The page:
Algorithms for Modern Data Models

There are two threads in this research.

Algorithms for Ternary Content Addressable Memories

A Content Addressable Memory (CAM) is an associative lookup memory containing a set of fixed-width cells that can hold arbitrary data bits. A CAM takes a search key as a query, and returns the address of the entry that contains the key, if any. In a Ternary CAM (TCAM), each data bit is capable of storing one of three states: 0, 1, or *, where a * matches both 0 and 1. This is a powerful primitive, and has found much use in high performance network routers and switches. This project will develop general techniques for using TCAMs to implement sophisticated randomized data structures, and use them in multiple data intensive applications.

Distributed Algorithms at Scale

Map-Reduce and other modern processing paradigms have made it very easy to develop short pieces of software that solve substantial and complex problem from offline data. We believe that similar paradigms can be developed for real-time processing. We have developed algorithms for locality sensitive hashing, for keyword similarity given a background model, for social search, and for UNION-FIND which work well for either Map-Reduce or distributed real-time systems.

This project is funded primarily by NSF grant 0915040.

Project Participants

PI: Ashish Goel (Stanford)

Senior Personnel: Pankaj Gupta

Graduate Students: Rajendra Shinde, Bahman Bahmani.


  • Nearest Neighbors and Similarity Search
  • Similarity search methods are widely used as kernels in various machine learning applications. Nearest neighbor search (NNS) algorithms are often used to retrieve similar entries, given a query. While there exist efficient techniques for exact query lookup using hashing, similarity search using exact nearest neighbors is known to be a hard problem and in high dimensions, best known solutions offer little improvement over a linear scan. Fast solutions to the approximate NNS problem include Locality Sensitive Hashing (LSH) based techniques, which need storage polynomial in n with exponent greater than 1, and query time sublinear, but still polynomial in n, where n is the size of the database. In this work we present a new technique of solving the approximate NNS problem in Euclidean space using a Ternary Content Addressable Memory (TCAM), which needs near linear space and has O(1) query time. In fact, this method also works around the best known lower bounds in the cell probe model for the query time using a data structure near linear in the size of the data base. TCAMs are high performance associative memories widely used in networking applications such as access control lists. A TCAM can query for a bit vector within a database of ternary vectors, where every bit position represents 0, 1 or *. The * is a wild card representing either a 0 or a 1. We leverage TCAMs to design a variant of LSH, called Ternary Locality Sensitive Hashing (TLSH) wherein we hash database entries represented by vectors in the Euclidean space into {0,1,*}. By using the added functionality of a TLSH scheme with respect to the * character, we solve an instance of the approximate nearest neighbor problem with 1 TCAM access and storage nearly linear in the size of the database. We believe that this work can open new avenues in very high speed data mining.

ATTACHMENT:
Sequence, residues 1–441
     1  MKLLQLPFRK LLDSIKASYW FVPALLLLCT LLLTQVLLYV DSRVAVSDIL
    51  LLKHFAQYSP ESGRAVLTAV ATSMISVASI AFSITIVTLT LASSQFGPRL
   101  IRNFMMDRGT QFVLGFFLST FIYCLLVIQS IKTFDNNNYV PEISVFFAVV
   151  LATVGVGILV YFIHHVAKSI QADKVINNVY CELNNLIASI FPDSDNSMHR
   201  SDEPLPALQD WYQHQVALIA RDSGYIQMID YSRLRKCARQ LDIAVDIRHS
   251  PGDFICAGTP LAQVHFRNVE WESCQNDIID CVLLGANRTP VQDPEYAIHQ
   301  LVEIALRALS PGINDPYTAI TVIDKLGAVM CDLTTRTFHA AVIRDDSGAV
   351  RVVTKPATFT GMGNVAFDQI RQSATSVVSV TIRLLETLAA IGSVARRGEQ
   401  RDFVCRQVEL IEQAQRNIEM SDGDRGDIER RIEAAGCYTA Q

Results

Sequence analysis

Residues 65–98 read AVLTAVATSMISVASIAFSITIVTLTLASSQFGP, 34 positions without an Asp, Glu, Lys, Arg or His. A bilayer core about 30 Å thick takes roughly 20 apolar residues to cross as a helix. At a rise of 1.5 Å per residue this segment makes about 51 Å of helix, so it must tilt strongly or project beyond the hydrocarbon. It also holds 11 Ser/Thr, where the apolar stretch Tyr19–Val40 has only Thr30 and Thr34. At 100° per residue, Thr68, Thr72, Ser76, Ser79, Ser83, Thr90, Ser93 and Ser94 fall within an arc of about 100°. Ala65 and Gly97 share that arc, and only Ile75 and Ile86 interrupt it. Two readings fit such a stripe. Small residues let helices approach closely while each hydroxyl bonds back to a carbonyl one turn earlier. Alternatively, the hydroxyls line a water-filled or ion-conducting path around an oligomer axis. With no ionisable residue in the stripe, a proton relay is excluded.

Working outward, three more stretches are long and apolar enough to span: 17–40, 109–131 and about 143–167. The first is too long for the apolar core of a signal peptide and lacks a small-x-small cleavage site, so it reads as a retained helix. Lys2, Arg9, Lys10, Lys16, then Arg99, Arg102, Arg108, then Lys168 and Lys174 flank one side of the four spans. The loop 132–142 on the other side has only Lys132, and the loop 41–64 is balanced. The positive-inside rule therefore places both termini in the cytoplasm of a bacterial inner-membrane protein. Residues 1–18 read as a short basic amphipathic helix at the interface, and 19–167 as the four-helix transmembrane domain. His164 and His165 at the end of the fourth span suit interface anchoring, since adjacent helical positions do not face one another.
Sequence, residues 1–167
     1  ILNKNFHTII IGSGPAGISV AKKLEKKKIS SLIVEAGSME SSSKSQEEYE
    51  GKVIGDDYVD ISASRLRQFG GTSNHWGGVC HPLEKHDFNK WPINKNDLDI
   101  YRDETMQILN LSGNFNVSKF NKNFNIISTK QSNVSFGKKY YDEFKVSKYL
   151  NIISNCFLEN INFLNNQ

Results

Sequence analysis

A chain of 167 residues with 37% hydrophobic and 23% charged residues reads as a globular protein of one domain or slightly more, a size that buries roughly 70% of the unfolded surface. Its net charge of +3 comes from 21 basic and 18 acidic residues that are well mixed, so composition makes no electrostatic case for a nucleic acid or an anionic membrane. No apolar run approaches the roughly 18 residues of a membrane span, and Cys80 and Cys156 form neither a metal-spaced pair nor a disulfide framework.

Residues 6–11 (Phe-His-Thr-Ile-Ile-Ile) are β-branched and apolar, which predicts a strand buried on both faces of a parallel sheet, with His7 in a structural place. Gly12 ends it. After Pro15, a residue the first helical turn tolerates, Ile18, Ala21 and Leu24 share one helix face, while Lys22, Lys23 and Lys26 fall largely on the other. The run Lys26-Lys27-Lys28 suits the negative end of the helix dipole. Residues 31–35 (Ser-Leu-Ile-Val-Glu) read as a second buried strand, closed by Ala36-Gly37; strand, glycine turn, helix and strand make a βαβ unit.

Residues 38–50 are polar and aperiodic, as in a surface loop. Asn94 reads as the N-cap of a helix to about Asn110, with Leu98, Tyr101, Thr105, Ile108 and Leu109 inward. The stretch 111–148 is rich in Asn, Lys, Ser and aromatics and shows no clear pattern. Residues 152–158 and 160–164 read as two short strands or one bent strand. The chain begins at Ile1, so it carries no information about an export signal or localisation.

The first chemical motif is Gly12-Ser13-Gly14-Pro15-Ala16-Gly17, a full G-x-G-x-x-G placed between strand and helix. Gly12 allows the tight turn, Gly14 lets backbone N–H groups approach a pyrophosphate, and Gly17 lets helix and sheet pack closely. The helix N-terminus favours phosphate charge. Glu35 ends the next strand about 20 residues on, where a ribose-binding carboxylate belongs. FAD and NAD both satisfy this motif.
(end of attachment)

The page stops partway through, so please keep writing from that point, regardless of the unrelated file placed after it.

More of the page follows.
Similarity Search and Locality Sensitive Hashing using TCAMs
    Authors: Rajendra Shinde, Ashish Goel, Pankaj Gupta, Debojyoti Dutta
    Proceedings of ACM SIGMOD, 2010.

  • Subset queries and string matching via TCAMs